Literature and Religion: Brooklyn Bridge

I’m also in the tank with Alfred Kazin, the great literary critic, randy man about town, and New York Jew. A selection of his journals had just been published and they sounded interesting. I first his memoir, Walker in the City (1948), a literary account of growing up in Brownsville neighborhood in Brooklyn in the 1920s and 1930s. Who knew they were going to be so “religious”? And this isn’t just me. Almost all the reviewers took note of this. It’s a funky combination of old ethnic Jewishness, socialism, and some new form of what Harold Bloom calls “the American Religion”  –self-centered, Gnostic, and energetic. Kazin’s American Religion insofar as it is religious comes from Blake, Whitman, Melville, and Emerson.

Spinoza’s famous motto was “God or nature.” Kazin’s could have been “God siva Brooklyn.” I love this entry, and declaimed it to my students today in high dudgeon. They either liked it or were just humoring me.

Here it is. It’s from May 8, 1949 about the Brooklyn Bridge. The italics are meant to be shouted(.)(?)

“Along the River Road. Picking up the old life as I go, walking parallel to the rive, I feel that I march alongside my hidden genius, who sleeps in the river at my side. How slowly and gently he paces me, leading me on.

…As soon as I look up to the coil and swing of the cable, I am threaded through, caught up and threaded through, by millions of lines. Going through the arches of the towers I slowly and unbelievingly make my way through the eye of a needle; then with the lines streaming back and forth, and up and down on every side of me, I am threaded through, I am led on. Into the thousand thicknesses and coiled strength of the lines, I am led on.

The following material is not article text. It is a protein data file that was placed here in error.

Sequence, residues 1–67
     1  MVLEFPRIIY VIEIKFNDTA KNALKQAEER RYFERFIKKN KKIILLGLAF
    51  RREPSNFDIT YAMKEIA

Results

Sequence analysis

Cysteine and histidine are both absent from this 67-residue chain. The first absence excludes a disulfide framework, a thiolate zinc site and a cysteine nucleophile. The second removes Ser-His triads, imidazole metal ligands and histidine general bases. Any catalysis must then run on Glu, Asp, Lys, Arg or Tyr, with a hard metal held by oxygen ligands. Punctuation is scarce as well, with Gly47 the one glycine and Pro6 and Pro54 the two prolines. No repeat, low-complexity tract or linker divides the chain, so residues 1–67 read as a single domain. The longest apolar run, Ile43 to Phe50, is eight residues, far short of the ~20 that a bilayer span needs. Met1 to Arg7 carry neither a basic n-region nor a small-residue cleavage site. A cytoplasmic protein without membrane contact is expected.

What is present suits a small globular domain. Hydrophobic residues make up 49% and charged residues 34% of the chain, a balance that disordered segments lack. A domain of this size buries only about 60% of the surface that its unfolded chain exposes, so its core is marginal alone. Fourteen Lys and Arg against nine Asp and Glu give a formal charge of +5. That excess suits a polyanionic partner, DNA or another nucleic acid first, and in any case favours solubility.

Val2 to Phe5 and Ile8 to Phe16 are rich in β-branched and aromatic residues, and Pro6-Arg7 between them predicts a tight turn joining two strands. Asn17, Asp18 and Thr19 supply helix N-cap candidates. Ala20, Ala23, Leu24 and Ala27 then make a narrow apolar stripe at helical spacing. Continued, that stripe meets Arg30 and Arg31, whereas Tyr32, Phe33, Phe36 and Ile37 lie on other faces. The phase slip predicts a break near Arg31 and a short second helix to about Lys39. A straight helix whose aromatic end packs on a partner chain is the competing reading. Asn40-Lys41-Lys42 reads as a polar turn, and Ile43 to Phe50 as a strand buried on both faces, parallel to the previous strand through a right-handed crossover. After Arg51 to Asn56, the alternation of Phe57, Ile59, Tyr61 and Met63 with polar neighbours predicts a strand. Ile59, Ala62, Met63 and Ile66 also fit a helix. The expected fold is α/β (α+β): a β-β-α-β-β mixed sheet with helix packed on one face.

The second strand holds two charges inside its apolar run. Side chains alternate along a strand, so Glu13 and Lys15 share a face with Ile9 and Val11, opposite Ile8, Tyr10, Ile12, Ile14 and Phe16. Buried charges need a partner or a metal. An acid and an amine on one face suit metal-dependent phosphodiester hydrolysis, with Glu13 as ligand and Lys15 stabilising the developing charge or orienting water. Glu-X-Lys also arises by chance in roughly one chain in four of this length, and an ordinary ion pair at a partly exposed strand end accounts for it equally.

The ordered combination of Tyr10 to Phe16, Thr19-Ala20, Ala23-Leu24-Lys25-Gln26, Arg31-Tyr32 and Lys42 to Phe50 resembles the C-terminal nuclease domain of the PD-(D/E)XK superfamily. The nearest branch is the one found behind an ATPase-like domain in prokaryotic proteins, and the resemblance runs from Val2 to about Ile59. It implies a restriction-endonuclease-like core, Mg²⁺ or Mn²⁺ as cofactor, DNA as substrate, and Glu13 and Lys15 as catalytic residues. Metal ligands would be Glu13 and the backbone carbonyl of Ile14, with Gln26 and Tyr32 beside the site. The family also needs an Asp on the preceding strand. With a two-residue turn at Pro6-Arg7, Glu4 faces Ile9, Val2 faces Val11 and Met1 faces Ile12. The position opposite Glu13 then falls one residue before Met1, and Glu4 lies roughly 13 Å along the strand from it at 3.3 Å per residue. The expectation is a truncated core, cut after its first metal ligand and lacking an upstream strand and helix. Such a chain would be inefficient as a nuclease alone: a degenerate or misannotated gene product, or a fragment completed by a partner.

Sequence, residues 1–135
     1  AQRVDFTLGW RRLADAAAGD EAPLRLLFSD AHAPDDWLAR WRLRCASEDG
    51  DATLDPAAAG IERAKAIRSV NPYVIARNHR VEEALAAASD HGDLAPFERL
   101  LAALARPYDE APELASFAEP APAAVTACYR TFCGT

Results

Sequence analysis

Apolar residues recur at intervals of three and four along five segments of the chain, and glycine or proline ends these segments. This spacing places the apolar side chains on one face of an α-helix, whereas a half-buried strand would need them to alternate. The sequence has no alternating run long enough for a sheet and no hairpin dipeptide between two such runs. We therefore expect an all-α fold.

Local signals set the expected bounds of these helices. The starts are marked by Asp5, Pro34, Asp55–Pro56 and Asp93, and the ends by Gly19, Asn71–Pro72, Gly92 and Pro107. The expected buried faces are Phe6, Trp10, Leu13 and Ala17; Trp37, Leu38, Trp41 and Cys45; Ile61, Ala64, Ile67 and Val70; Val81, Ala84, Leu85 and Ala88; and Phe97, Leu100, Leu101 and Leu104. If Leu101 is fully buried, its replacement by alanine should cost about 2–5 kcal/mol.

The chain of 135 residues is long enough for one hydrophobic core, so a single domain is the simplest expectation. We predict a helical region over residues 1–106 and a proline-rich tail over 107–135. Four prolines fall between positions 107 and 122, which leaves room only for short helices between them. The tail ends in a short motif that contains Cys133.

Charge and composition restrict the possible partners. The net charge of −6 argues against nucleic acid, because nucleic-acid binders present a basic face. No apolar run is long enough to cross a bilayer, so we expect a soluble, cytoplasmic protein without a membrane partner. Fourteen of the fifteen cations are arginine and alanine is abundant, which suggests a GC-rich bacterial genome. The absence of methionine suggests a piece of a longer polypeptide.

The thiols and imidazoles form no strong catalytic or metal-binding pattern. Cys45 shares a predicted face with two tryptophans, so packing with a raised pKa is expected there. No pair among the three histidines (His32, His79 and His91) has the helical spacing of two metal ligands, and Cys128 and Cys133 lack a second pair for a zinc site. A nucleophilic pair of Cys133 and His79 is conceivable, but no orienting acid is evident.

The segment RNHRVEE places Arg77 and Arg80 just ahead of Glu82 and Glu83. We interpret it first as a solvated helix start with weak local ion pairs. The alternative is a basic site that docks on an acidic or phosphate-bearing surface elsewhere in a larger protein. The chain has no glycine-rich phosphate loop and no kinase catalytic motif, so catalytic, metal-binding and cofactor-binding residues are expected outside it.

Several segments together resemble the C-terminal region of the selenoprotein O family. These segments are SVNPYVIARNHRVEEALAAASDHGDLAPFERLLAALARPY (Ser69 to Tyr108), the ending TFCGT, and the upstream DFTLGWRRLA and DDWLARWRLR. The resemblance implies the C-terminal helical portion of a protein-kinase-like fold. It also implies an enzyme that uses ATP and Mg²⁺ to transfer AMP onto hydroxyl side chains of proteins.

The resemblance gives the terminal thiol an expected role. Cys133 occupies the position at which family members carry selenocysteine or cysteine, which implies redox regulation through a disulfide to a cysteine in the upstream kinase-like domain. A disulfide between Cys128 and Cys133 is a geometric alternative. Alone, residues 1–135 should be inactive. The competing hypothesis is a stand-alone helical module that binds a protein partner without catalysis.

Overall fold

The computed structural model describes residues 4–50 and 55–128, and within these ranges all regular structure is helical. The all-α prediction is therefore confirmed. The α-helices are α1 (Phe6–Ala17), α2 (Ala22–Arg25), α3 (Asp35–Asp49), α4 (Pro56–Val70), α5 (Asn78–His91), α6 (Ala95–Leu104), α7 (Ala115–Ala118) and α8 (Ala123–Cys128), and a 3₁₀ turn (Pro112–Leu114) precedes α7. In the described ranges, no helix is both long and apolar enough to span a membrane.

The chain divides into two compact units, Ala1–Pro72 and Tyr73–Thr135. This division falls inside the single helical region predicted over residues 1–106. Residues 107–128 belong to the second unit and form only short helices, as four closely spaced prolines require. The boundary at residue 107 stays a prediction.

This is my only understanding of the divine…in the continuing, in the apprehension of an interminating [sic] energy, and infinity of suggestiveness. How the lines course back again on every side of me! Plenitude over the river, in the full light of day. I open my arm to the plenitude.

In the day it is the threads that I see, for it is in me that they do their work. At night, in the rain and the mist, it is the towers –the implacable surface of the divine.

…But especially I think of the Bridge as I have walked across it on a hot day…a day when the metal plates that reinforce the worn, wooden floor are glowing  in the hear, when the boards of the promenade seem to come up to meet you, and melting, expanding, warm, the worn gray and sooty, sooted blocks of the promenade clamped  back by your feet. You feel that the whole bridge is fluid, familiar to every sense, its lines, its odors, its deeply engrained familiarity swimming in your blood…”

If this is indeed theology, then its concept or persona works across a “plane of immanence.” I can’t help but think it’s not unlike the anti-supernaturalism of Mordecai Kaplan (who Mel Scult tells us was VERY much under the influence of Emerson, just like Kazin). And it anticipates Deleuze (yeah, yeah, I’ll stop yabbering about Deleuze soon enough. And no, I’m not in the tank with him, just fellow travelling).

Is this really religion or just literature? Sure there are important differences between religion and art, but these differences are not absolute or categorical. Art and religion are types of different things that blend and overlap into each other. I posted earlier about the notion of God as place (makom). I think Kazin gives us a model as to how you might visually picture that kind of place. Yes, yes, God threads and coils into space and through time like the Brooklyn Bridge. Didn’t you know?

Should Alfred Kazin be the new face of American Judaism? This is a pragmatic question. Can American Judaism figure out how to make it work?

About zjb

Zachary Braiterman is Professor of Religion in the Department of Religion at Syracuse University. His specialization is modern Jewish thought and philosophical aesthetics.
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